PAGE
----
After a volatile spring during which saw Lululemon (LULU) reduce its earnings forecast for 2013 by more than 15% on its now infamous pants recalls, the latest data from our proprietary channel checks indicates that demand may have dramatically improved.
Revisiting last quarter's messy results and outlook, most analysts believe that Lululemon likely saw both deteriorating reviews from customers and slowing sales which put prior Q1 estimates in jeopardy. Some analysts believe they used the opportunity to blame faulty/sheer yoga pants. However, the fact that these pants have been in production since late December (from reviews seen here), its timing of waiting until March clearly indicates that the company was hoping "Lulu addicts" would not notice the thinner pants and thus poorer quality.
Finally, LULU decided to throw its Taiwanese supplier of pants under the bus and later fired its Chief Product Officer (full release here). Lululemon management used clever phrasing in order to spin the problem as a one-off as the recall stated "We have determined that certain shipments of product received from our factories and available in store from March 1, 2013 do not meet our technical specifications."
Interestingly, the supplier defended itself in a well publicized fashion magazine highlighted by the WSJ's write up here. The manufacturer Eclat's CFO Roger Lo told the WSJ that "All the pants were manufactured according to the requirements set out in the contract with Lululemon."
In the aftermath of the "recall", management used the opportunity to lower the bar for the entire 2013 outlook, dropping its eps target to a midpoint of $1.97 as well as implying a lower growth rate than the previous expectation close to 25%. To date, most LULU analysts have shown a very poor ability to forecast underlying trends. At the low point for 2013, with the stock near $64 on the heels of the poor outlook, a slew of them downgraded the stock and lowered their targets. Several LULU analysts that investors may wish to be wary of include: Janney Capital analyst Adrienne Tennant and Betty Chan at Wedbush, both of whom bottom ticked shares. Also providing poor forecasts were Goldman Sachs and Macquarie both of which initiated with the dreaded neutral rating and price targets which are now well under water.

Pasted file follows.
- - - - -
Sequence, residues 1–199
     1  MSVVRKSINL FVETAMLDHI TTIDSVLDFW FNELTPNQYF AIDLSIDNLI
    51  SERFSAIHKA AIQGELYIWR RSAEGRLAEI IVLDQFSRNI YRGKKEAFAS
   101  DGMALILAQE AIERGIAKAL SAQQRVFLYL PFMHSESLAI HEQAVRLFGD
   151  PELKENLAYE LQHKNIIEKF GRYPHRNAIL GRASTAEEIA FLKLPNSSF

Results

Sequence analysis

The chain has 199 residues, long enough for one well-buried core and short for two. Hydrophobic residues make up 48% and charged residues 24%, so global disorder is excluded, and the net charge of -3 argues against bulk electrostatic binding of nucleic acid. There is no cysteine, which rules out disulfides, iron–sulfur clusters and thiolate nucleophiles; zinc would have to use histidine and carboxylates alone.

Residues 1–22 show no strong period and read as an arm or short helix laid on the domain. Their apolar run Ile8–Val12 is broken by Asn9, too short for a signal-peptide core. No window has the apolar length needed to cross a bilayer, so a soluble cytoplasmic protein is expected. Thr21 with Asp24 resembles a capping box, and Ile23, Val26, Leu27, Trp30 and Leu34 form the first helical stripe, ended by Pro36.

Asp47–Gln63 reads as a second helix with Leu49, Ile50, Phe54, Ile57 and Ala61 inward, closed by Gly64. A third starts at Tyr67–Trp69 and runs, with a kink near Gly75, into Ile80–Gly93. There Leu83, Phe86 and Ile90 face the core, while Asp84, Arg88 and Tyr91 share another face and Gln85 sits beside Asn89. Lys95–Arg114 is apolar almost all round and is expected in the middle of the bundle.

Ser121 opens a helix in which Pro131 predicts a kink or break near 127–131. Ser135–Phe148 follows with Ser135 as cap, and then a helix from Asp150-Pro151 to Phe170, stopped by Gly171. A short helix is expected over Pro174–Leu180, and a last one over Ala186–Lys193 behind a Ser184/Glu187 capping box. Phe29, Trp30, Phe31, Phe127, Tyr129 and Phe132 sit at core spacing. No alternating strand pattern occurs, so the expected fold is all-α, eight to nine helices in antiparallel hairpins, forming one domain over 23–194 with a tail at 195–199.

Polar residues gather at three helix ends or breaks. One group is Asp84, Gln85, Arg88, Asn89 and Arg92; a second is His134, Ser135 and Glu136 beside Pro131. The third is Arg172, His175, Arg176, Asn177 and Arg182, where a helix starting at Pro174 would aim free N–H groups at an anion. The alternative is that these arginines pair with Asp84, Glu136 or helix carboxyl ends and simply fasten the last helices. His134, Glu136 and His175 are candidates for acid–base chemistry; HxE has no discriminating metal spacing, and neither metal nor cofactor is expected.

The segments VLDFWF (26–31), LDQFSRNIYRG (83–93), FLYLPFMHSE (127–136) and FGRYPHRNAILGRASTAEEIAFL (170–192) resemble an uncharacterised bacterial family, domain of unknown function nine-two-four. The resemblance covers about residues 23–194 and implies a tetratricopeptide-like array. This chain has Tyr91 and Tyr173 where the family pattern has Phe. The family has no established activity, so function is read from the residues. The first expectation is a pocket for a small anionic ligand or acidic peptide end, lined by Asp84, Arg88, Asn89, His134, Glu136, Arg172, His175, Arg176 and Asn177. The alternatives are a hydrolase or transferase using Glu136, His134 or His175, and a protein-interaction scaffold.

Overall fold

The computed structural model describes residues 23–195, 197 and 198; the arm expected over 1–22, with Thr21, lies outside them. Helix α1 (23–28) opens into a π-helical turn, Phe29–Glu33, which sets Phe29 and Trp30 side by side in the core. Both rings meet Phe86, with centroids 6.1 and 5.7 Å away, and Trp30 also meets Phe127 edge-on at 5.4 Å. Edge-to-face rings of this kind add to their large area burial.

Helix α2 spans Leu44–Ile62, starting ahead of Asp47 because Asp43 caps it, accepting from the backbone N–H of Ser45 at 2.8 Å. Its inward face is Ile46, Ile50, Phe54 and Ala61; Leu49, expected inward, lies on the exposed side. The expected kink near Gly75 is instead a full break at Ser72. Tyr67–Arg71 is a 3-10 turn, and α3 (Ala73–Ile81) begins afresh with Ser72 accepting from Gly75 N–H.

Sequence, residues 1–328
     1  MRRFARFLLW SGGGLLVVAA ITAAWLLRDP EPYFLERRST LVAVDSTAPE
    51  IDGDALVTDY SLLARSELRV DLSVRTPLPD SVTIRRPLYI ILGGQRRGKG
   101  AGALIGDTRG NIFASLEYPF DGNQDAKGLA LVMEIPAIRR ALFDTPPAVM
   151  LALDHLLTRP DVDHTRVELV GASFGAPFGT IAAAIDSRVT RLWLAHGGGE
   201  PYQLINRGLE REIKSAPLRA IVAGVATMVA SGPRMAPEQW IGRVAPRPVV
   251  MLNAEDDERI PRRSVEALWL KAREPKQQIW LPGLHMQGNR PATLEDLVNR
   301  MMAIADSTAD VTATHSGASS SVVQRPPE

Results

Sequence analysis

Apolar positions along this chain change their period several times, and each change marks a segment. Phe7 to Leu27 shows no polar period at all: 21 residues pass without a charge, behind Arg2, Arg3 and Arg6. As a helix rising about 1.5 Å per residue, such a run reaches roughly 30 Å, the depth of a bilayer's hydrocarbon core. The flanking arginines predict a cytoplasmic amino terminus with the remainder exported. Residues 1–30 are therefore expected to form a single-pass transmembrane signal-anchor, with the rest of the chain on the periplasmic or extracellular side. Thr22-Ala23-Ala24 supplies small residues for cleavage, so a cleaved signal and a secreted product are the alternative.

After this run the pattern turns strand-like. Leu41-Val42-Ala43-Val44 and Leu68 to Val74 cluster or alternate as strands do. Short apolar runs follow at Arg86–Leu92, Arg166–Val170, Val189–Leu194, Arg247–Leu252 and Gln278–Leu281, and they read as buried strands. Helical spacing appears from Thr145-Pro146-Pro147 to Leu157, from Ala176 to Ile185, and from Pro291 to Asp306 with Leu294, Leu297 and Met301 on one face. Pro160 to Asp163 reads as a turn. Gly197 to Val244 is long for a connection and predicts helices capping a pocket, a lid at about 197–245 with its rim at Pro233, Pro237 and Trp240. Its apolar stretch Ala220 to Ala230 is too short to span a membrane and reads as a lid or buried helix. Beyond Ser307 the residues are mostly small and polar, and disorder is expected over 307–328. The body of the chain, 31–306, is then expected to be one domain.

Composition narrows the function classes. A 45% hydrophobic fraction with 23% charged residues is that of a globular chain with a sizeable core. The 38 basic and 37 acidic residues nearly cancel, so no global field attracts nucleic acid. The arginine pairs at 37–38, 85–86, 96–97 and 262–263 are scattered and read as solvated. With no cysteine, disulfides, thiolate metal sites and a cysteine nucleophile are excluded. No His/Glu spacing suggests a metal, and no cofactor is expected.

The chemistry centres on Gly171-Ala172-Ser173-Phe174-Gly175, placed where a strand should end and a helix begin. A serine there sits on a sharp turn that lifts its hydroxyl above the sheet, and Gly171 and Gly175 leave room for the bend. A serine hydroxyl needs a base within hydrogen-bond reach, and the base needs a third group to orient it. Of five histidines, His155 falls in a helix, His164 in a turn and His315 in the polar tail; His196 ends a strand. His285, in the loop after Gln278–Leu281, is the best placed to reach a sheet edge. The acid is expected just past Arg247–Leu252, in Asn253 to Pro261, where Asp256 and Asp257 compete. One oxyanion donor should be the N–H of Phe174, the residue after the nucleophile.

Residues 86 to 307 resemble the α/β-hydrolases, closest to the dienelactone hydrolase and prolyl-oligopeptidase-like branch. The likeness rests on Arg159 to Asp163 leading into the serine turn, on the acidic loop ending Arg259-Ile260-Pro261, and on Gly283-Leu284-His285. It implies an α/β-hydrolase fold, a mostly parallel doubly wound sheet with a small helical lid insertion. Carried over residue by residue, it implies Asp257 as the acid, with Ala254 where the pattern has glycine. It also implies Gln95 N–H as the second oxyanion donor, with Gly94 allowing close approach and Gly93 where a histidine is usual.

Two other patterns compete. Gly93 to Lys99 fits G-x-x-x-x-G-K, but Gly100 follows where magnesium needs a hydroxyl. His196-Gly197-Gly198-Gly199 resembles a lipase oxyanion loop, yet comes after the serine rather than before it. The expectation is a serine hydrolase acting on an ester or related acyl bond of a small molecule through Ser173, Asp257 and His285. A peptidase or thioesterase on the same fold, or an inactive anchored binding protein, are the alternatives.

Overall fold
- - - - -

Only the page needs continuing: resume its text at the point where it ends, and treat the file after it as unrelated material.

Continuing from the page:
With more realistic growth goals, several factors are no longer headwinds for LULU and could result in better than expected Q2 results, but more importantly the FY 2013 overall outlook. Improved weather in the Northeast, Midwest and Canada, a region where more than 60 stores operate, should add significantly to comparable same store sales performance in the 2nd quarter.
Additionally, our checks indicate a much wider assortment of spring and summer gear compared with a year ago, which focused primarily on swimming during the summer months. Despite fewer types of the previously popular yoga pants such as the Astro pant available, other brightly colored pants have shown very strong demand. Proprietary store checks of more than 24 stores indicate that the brand is still well received, and despite prices nearly double that of competitor products, affluent women in the 30-45 demographic continue to gladly overpay for the brand's allure.
Time will tell if consumers will continue to pay a premium price for an apparel item that is available in near identical quality at 60-80% below its $95 price tag at stores like Target, Costco and others. So far, well-funded, established competitors such as Gap's Athletica and Lucy have been unable to knock off Lululemon from its perch at the top of the yoga pants fad.
Over the past few weeks, along with almost every other consumer stock, LULU shares have vaulted higher and are now up on the year, despite reducing growth. For Q1, analysts are looking for $341mm in sales, which is near the higher end of management's recently provided guidance for $333-$343 million. In terms of comps, expectations are for mid single digit comp growth. However, if management does not provide a detailed time frame for restocking the popular pants, operating results could be of lessor importance. So far, LULU management has been able to sell its story well to the street, and its share price has been rewarded as one of the most expensive in the entire apparel universe but another slip-up could derail shares.